Tuesday, July 14, 2015

Parent Letters

Does this sound familiar....your focus goal for the first week of kindergarten is name writing.  A week passed; most students have demonstrated the ability to write their name, but there are still a handful of kids that need extra help. Another week goes by; you've worked with them in small groups, and have provided interventions.  Now, after several collected work samples, and walking around the classroom observing the students, you notice little Billy still is not improving. 

https://www.teacherspayteachers.com/Product/Parent-Letter-Practice-Name-Writing-823370  https://www.teacherspayteachers.com/Product/Parent-Letter-Practice-Name-Writing-823370

 You've taken mental notes, and even used your favorite colored sharpie to jot down a reminder on a post-it note - left right where you can see it. "Write a note to Billy's parents".  

 Before you know it, the kids are getting packed up, ready to go home, you are rushing around making sure the little girl who's transportation has changed (again) gets to the right place, and out walks Billy...with no note. Another day goes by that you feel you should have addressed a concern.  There is never enough time!

Year after year, I did the exact same thing.  Unfortunately, in the district I worked at, I couldn't simply pick up the phone and call, because many students had non-working telephone numbers.  Communication was difficult, and needed to be planned in advance.  

Finally, I created a general PARENT LETTER for each of the most common skills I found needed addressed.  Wow...why did I wait so long?  After using them a couple times in my room, my coworkers began using them, and they became an instant hit.  Wanting to make sure they stood out from the other take-home flyers, I created a bright yellow polka-dot border, with simple design elements.  I don't know about you, but if something is looks appealing, I'm much more likely to read over it.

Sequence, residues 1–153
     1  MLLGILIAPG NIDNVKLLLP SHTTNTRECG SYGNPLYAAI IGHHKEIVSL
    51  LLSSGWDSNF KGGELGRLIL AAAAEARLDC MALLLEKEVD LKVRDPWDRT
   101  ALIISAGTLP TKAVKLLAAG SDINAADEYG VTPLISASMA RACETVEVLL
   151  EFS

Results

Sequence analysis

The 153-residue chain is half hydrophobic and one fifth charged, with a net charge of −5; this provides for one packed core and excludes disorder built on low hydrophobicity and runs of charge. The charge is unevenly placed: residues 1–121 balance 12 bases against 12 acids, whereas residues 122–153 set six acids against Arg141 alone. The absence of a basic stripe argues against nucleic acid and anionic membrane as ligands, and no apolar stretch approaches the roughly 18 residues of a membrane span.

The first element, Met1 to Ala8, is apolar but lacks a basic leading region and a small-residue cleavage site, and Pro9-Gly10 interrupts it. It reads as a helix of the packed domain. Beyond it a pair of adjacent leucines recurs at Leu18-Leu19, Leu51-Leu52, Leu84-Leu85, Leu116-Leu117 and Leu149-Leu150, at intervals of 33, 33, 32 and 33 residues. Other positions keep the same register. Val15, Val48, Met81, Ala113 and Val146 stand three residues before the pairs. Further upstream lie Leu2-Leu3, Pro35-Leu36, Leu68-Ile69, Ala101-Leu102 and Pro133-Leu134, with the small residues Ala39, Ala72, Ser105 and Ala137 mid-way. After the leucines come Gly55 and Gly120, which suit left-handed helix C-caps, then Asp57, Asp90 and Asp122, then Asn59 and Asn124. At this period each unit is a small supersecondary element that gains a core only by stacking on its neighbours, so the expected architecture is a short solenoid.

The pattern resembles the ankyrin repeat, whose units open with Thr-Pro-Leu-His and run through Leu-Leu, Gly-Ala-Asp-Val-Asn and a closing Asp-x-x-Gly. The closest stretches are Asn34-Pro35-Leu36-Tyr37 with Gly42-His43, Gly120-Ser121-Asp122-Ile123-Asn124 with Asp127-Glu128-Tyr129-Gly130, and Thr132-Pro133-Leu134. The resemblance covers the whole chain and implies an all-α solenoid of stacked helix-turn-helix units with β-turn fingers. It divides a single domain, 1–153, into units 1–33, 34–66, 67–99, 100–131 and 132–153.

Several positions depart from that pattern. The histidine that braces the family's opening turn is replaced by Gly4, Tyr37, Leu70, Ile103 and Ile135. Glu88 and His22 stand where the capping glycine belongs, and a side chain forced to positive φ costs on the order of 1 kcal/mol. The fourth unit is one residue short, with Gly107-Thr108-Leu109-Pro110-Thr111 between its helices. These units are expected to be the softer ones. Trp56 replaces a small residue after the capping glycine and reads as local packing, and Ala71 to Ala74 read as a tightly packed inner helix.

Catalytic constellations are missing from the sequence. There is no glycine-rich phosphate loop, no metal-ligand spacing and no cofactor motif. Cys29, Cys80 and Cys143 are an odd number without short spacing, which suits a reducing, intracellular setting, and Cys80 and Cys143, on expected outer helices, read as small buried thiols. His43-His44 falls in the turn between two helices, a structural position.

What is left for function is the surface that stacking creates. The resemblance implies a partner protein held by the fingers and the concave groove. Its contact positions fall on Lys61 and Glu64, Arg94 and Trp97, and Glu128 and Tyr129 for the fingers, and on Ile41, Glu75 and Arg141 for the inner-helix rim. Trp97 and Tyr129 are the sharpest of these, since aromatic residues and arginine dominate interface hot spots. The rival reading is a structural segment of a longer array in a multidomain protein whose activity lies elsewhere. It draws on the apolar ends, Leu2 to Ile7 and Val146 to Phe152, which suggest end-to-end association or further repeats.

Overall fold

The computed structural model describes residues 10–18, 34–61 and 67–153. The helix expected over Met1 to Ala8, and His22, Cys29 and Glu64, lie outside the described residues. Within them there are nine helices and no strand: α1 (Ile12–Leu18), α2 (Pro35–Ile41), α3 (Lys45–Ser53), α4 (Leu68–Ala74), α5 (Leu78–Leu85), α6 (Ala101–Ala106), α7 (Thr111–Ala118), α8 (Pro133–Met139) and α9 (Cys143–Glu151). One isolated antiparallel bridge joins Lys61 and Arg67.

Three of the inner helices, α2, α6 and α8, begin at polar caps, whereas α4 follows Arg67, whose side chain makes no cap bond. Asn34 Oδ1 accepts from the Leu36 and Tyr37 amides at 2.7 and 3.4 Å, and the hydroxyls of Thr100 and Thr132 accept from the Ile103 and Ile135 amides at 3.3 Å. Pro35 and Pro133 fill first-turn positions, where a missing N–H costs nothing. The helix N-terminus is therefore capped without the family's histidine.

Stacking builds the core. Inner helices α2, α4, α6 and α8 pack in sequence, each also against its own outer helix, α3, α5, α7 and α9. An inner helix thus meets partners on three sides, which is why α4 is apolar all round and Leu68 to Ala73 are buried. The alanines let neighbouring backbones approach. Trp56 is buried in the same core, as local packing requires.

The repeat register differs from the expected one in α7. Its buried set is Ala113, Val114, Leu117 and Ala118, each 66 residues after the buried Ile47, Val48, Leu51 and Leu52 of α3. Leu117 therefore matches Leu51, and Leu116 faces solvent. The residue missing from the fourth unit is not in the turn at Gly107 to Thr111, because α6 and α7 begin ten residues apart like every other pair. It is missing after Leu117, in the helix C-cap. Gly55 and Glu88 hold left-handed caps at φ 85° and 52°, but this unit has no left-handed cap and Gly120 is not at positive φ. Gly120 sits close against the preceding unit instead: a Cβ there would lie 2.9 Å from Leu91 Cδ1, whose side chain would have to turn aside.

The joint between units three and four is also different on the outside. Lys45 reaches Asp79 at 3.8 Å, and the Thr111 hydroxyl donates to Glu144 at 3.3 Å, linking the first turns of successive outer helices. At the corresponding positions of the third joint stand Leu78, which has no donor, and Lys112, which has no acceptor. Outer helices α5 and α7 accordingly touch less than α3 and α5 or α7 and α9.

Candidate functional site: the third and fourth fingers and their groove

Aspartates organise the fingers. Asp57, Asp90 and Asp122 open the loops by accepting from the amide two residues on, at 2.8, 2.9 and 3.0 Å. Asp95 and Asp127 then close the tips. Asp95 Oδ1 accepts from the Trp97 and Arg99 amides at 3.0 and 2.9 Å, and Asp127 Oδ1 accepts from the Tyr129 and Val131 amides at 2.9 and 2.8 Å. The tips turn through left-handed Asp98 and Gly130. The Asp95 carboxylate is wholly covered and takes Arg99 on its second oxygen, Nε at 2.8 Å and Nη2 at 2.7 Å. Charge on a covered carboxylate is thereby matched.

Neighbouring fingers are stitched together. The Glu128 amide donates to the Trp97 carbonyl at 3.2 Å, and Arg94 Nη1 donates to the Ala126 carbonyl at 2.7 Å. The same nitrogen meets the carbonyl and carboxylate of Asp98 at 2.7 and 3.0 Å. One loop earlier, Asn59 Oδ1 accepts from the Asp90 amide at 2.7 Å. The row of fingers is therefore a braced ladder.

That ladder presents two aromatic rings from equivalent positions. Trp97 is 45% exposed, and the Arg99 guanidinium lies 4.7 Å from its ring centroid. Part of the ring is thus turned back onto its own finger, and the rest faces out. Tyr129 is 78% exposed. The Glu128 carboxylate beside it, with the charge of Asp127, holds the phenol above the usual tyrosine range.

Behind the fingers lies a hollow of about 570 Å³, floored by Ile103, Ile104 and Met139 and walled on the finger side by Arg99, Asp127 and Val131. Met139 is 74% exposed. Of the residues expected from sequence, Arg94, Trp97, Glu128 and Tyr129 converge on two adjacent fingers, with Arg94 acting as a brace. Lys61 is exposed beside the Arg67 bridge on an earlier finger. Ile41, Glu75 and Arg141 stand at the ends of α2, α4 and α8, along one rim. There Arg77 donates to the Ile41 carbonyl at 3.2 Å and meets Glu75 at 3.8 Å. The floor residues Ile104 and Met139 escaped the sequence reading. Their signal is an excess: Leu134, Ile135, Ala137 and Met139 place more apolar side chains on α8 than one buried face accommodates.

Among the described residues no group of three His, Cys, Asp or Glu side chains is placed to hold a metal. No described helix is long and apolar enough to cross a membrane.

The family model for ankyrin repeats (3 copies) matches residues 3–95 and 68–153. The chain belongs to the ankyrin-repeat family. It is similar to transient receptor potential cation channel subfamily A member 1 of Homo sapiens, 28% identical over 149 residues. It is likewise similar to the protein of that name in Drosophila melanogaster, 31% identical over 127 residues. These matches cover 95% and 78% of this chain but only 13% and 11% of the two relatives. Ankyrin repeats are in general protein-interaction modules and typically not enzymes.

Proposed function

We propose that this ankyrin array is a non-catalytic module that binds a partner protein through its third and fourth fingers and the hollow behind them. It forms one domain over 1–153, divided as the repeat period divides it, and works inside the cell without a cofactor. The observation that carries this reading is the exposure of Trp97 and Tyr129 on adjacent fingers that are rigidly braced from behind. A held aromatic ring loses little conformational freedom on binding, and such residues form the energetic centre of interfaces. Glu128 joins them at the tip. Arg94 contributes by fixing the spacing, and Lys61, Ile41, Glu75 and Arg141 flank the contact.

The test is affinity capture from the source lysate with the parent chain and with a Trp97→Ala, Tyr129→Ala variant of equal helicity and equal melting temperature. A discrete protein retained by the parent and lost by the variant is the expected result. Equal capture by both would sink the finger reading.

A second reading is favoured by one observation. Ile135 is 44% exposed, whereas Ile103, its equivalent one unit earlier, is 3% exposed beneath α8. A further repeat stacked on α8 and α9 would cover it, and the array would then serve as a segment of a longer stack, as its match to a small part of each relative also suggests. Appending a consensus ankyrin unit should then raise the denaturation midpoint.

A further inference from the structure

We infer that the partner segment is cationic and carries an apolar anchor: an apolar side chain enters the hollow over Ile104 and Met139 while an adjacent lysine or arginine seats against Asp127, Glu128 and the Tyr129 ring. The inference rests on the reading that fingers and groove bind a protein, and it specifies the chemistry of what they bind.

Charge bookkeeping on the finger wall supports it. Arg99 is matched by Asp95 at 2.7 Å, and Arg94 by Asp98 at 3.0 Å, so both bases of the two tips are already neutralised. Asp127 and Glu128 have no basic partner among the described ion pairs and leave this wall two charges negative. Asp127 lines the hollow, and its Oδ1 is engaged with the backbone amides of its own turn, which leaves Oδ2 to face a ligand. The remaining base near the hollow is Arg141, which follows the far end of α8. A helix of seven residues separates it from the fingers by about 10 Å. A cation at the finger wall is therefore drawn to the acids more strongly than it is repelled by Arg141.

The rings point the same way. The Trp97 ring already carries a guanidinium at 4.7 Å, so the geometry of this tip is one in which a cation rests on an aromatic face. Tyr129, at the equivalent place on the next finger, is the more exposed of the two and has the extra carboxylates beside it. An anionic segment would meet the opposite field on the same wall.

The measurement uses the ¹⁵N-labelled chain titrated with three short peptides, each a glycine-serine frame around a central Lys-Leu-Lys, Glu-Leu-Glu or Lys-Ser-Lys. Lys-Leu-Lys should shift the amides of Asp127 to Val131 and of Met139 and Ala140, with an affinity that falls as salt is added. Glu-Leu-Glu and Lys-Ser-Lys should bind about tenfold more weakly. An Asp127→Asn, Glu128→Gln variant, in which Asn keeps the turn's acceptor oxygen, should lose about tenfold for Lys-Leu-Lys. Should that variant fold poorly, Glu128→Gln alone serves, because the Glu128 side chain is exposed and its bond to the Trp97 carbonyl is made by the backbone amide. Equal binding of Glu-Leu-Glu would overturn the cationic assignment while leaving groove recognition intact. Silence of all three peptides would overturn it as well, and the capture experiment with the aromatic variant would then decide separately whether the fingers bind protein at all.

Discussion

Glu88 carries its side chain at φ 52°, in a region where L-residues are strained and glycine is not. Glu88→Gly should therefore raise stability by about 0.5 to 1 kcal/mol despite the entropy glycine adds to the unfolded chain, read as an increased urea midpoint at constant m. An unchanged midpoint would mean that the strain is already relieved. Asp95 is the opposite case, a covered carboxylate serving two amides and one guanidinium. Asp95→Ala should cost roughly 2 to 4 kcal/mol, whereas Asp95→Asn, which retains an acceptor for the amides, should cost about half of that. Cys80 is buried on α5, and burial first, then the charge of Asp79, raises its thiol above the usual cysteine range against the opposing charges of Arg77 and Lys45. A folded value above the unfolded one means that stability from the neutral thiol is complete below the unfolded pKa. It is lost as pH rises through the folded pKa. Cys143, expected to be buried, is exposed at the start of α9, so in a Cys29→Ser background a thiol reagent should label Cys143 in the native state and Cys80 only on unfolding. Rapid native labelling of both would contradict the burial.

Parents sometimes forget the expectations that you went over at open house, or simply don't have time to read the Common Core grade level standards. And although you put them in your weekly newsletter,  they are often overlooked.  

We can't give up! The parents need to know what their children are expected to accomplish.  These letters:

  • State the expected standard
  • Express concern based on observations and completed work
  • Give suggestions and resources for the parents to help their child at home. 
I've even created parent letters for our traveling class books, math, classroom snacks, requesting a family photo to hang in the classroom, and asking volunteers to come in and be a Birthday Reader to the class.  

https://www.teacherspayteachers.com/Product/Parent-Volunteer-Letter-Birthday-Readers--1355646   https://www.teacherspayteachers.com/Product/Parent-Volunteer-Letter-Birthday-Readers--1355646

What a HUGE time save these have been!  Simply print, keep several copies in a file folder at your desk.  When you see the need to address one of the skills, just pull one out, write the students name, date it, and put it in their folder.  Which one would work best for you? 


Here are just some of the reviews:
  • "Thanks! I was going to create one myself but yours is so much cuter. Can't wait to use it this year and see what photos I get :)"  (The Teacher Time Capsule)
  • "I have been needing a cuter version of this note and now I have one!" (Jessica C.)
  • "Saving me lots of precious time!" (Brigette M.)
  • "Thank you for sharing this wonderful letter! It was well written and very professional with a darling friendly look!" (Mrs Oakes Kindergarten with Heart)
  • "Very helpful at conference time!" (Jerilynne J.)
  • "Yay, for parent resources! This area is always hard to address- happy to have a "go-to" for giving to parents and for interventions." (Rachel C.)

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